Casino closings could force Atlantic City to cut 300 municipal jobs

 Atlantic City Mayor Don Guardian says a job training effort will help casino employees find other work. (Phil Gregory/WHYY)

Atlantic City Mayor Don Guardian says a job training effort will help casino employees find other work. (Phil Gregory/WHYY)

With the closing of three casinos in Atlantic City, thousands of workers will be losing their jobs before September is over.

The loss of tax revenue from those three facilities — Revel, Trump Plaza and the Showboat — will take a toll on city operations as well, Mayor Don Guardian said Tuesday.

Some municipal departments and service may be reduced, and up to 300 jobs could be cut from the city’s workforce, he said.

City officials have been talking about shared services with the county and state, and Guardian said all options are on the table to reduce the costs of Atlantic City government.

“Ultimately we need to find how we’re going to trim $40 million over the next four years from our budget and what we can do before we start talking about layoffs,” Guardian said. “Clearly, we’ll be shedding some departments and we’ll be shedding some services.”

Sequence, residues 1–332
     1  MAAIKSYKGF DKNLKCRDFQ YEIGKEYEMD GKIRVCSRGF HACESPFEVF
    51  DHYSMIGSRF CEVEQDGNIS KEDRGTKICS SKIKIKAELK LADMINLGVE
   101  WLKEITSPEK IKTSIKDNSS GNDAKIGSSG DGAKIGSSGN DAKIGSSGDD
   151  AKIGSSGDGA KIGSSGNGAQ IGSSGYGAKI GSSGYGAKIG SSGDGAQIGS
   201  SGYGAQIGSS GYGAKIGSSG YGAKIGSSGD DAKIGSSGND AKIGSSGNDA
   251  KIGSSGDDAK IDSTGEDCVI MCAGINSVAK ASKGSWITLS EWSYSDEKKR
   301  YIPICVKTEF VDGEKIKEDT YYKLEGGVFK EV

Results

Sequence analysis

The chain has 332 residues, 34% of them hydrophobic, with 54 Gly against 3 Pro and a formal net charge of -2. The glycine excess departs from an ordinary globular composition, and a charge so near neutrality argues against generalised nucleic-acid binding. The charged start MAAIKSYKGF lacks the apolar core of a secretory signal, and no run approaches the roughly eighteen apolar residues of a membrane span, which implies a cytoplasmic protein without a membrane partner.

Guardian expects about 10 percent of the displaced casino employees will retire, while up to 30 percent of the workers will relocate to casinos in other states.

“You have eight casinos that are going to remain. Eventually, they’re going to become a little bit stronger and as their room nights go up and as their hotel restaurant revenue goes up, they’re going to be hiring again,” he said. “Not the total number that we lost, but certainly 10 or 20 percent.”

And Guardian anticipates a new convention center and retail shops now under construction will create about 1,300 jobs.

Want a digest of WHYY’s programs, events & stories? Sign up for our weekly newsletter.

It will take 126,000 members this year for great news and programs to thrive. Help us get to 100% of the goal.